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Octavia Spencer wins supporting-actress Oscar for 'The Help'

By David Germain

Associated Press

Published: Sunday, Feb. 26 2012 7:45 p.m. MST

Octavia Spencer accepts the Oscar for best actress in a supporting role for "The Help" during the 84th Academy Awards on Sunday, Feb. 26, 2012, in the Hollywood section of Los Angeles.

Mark J. Terrill, Associated Press

» To help you experience the Oscars, Deseret News has put together a top list guide for everything from hosts and viewing times to who's up for best adaptation. Enjoy.

LOS ANGELES — Octavia Spencer won the supporting-actress Academy Award on Sunday for "The Help," completing an awards-season blitz that took her from Hollywood bit player to star.

Spencer's Oscar triumph came for her role as a headstrong black maid whose willful ways continually land her in trouble with white employers in 1960s Mississippi.

Spencer wept throughout her breathless speech, in which she apologized between laughing and crying for running a bit long on her time limit.

"Thank you, academy, for putting me with the hottest guy in the room," Spencer said, referring to last year's supporting-actor winner Christian Bale, who presented her Oscar.

Her brash character holds a personal connection: "The Help" author Kathryn Stockett based some of the woman's traits on Spencer, whom she met through childhood pal Tate Taylor, the director of the film.

Before taking the stage, Spencer got kisses from "The Help" co-stars Viola Davis, a best-actress nominee, and Jessica Chastain, a fellow supporting nominee.

"I share this with everybody," whose 15-year career includes dozens of small parts, often as a nurse, in such movies and TV shows as "Seven Pounds," ''A Time to Kill" and "The X-Files."

Martin Scorsese's Paris adventure "Hugo" won four Oscars, including the first two prizes of the night, for cinematography and art direction. It also won for sound mixing and sound editing.

It was a great start for Scorsese's film, which led contenders with 11 nominations.

"Marty, you're a genius as usual," said "Hugo" cinematographer Robert Richardson, who won his third Oscar after previous wins for "JFK" and Scorsese's "The Aviator."

Best-picture front-runner "The Artist," which ran second to "Hugo" with 10 nominations, won for costume design.

The Oscars normally start with a major prize such as one of the supporting-acting categories, but this one began with an unusual flurry of technical awards. Meryl Streep's Margaret Thatcher drama "The Iron Lady" claimed the makeup Oscar.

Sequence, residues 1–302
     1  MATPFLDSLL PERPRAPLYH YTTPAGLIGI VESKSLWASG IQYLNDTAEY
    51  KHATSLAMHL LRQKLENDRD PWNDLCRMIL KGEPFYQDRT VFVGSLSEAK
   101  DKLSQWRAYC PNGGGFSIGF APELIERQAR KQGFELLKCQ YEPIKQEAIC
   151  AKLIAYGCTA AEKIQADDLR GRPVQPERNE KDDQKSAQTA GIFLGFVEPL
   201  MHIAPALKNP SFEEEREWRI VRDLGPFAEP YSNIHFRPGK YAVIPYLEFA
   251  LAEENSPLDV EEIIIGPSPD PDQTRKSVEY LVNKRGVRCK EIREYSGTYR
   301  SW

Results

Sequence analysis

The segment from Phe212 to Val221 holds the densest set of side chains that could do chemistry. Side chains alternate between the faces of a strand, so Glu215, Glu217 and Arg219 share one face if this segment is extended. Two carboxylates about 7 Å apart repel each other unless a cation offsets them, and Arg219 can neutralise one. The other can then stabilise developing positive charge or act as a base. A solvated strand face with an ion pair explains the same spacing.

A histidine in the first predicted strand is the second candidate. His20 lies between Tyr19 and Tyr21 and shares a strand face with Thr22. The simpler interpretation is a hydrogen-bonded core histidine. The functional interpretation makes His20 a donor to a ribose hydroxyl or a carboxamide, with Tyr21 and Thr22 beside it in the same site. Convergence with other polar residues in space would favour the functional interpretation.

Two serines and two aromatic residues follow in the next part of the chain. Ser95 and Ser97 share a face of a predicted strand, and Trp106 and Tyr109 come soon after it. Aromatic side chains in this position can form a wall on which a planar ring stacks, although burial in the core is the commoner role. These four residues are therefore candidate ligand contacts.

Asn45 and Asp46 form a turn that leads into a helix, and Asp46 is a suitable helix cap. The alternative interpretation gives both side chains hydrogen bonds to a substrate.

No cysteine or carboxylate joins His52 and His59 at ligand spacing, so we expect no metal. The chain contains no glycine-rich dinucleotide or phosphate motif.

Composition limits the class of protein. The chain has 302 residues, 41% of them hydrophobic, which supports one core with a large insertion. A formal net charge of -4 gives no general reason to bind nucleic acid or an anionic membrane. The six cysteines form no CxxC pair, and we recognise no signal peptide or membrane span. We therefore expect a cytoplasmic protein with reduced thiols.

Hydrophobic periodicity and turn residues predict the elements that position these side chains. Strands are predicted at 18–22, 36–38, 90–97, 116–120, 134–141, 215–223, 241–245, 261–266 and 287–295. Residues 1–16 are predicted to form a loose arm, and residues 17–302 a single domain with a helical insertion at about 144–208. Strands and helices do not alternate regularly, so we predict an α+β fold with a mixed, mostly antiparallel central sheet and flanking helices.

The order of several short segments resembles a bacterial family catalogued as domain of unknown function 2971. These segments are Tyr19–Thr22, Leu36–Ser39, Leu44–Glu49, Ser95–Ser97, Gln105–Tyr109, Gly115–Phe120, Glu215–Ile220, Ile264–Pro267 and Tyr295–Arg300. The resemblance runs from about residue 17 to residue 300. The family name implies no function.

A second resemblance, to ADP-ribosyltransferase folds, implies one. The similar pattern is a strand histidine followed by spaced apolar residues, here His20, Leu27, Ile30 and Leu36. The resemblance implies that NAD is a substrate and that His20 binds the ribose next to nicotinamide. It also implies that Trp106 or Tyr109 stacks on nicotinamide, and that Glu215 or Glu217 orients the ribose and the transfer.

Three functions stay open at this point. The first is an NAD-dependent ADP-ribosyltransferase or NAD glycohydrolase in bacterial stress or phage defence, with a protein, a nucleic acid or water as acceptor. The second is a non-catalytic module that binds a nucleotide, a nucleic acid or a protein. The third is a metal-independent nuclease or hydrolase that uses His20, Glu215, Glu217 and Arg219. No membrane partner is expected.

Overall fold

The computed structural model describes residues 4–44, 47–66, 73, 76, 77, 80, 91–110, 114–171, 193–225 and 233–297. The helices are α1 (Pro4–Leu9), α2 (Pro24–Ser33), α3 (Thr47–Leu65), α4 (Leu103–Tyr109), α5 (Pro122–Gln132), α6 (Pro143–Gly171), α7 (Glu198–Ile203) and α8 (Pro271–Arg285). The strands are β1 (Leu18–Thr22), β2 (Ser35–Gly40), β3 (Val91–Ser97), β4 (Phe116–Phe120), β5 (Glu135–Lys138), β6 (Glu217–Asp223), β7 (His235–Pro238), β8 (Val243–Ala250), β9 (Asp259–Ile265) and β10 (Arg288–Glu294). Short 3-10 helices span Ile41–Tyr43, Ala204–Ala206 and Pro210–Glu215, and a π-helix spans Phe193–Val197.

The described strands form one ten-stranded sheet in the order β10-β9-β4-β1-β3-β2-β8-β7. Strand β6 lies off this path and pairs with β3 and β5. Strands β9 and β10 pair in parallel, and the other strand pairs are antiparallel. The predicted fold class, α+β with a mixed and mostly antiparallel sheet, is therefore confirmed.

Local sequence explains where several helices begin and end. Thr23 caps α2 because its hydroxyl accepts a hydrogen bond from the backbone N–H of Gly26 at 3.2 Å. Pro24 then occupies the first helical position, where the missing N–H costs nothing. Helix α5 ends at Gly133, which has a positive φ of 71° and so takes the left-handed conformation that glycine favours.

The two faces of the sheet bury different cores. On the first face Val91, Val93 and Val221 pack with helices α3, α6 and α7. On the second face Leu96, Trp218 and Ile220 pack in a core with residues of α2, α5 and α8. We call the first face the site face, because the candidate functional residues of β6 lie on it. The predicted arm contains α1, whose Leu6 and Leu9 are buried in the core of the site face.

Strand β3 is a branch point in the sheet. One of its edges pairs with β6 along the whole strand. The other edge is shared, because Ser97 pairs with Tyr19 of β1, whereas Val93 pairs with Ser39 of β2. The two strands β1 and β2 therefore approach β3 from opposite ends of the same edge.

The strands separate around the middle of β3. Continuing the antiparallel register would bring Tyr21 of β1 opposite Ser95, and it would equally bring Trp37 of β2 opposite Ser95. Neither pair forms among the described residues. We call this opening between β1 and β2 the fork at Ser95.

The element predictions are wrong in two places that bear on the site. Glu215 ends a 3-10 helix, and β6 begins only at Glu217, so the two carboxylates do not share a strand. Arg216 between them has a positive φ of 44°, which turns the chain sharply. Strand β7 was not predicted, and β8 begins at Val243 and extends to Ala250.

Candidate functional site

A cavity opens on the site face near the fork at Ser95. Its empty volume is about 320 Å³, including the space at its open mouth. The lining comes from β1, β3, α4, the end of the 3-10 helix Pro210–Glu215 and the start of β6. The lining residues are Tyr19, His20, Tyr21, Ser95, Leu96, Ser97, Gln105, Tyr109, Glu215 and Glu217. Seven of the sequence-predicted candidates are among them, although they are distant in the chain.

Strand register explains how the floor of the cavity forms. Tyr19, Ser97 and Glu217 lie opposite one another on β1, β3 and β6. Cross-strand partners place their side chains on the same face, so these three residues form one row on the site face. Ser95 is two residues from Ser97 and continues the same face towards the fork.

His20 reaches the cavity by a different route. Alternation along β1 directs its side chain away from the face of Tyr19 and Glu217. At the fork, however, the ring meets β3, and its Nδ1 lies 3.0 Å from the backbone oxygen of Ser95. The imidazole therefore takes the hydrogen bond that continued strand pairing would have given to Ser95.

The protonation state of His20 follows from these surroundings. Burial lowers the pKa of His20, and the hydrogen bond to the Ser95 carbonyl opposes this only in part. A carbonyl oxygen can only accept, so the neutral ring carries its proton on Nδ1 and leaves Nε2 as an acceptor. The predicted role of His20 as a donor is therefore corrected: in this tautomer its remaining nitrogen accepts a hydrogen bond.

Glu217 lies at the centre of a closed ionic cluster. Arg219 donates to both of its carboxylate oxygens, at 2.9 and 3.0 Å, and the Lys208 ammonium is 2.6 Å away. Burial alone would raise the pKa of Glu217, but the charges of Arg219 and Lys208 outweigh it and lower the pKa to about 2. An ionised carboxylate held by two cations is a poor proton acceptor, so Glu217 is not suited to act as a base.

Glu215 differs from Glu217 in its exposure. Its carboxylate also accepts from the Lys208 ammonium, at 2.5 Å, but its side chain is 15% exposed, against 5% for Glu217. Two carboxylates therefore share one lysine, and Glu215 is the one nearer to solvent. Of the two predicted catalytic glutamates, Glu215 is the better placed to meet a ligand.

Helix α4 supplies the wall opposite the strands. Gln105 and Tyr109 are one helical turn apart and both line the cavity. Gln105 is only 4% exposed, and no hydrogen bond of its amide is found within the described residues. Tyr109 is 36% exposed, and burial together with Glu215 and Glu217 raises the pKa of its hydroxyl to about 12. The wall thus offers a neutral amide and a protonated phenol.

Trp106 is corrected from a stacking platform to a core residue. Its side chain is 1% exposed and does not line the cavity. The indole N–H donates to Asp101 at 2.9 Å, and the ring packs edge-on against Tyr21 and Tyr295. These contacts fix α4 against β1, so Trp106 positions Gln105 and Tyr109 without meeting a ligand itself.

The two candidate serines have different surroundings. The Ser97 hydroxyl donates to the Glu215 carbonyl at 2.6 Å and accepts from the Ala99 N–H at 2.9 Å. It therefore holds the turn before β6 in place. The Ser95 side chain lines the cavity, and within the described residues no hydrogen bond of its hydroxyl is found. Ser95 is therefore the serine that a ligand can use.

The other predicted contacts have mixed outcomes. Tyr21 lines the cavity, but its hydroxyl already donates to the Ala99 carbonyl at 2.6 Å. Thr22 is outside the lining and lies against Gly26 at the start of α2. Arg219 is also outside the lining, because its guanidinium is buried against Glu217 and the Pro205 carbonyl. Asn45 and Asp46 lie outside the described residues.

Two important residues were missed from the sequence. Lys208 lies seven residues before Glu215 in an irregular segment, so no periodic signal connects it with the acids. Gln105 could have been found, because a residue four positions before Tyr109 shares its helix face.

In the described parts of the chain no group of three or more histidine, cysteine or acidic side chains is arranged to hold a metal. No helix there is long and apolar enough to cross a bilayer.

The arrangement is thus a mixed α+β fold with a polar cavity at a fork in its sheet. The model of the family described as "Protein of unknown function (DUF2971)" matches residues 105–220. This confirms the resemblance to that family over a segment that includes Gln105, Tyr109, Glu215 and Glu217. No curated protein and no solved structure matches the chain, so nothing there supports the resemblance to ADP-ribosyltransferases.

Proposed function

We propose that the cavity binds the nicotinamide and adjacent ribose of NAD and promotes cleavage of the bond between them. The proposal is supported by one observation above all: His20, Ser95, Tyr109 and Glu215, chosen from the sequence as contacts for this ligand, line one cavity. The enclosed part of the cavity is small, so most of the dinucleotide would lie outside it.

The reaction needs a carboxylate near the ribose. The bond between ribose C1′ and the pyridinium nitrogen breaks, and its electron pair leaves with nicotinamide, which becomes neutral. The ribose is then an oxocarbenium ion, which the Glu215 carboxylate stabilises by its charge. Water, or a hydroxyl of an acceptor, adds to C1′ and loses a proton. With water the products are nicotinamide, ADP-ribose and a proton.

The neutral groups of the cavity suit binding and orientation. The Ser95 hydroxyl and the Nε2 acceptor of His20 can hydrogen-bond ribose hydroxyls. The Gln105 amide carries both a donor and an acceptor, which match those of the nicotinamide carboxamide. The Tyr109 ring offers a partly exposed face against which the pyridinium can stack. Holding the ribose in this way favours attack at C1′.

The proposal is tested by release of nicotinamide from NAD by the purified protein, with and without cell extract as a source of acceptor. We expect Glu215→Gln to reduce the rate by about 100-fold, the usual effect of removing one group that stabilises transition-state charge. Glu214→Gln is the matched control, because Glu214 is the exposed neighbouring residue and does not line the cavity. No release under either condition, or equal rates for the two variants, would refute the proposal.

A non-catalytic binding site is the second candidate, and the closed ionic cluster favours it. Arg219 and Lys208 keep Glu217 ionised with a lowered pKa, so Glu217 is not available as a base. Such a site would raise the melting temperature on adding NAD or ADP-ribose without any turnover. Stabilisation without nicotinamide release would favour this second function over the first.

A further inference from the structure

"Thanks, Meryl, for keeping me employed for the last 37 years. Your brilliance makes my work look good, no matter what," said J. Roy Helland, who shared the makeup Oscar with Mark Coulier.

Oscar organizers saved the first acting trophy until nearly a quarter of the way through the 24 awards. But TV viewers had a consolation prize at the outset with the return of beloved Oscar host Billy Crystal.

Crystal got the show off to a lively start with a star-laden montage in which he hangs out with Justin Bieber and gets a nice wet kiss from George Clooney.

Back as Oscar host for the first time in eight years, Crystal also did his signature introduction of the best-picture nominees with a goofy song.

Before his monologue, Crystal appeared in a collection of clips inserting him in scenes from key nominees. The montage included re-creations from some 2011 films featuring Tom Cruise of "Mission: Impossible — Ghost Protocol" and Clooney's best-picture contender "The Descendants," with the actor planting a kiss on Crystal.

Spoofing a scene from nominee "Midnight in Paris," Bieber told Crystal he was there to bring in the 18-to-24-year-old demographic for the 63-year-old host.

Crystal's return as host seemed appropriate on a night that had Hollywood looking back fondly on more than a century of cinema history.

The top two nominees — "Hugo" and "The Artist" — are both love songs to early cinema.

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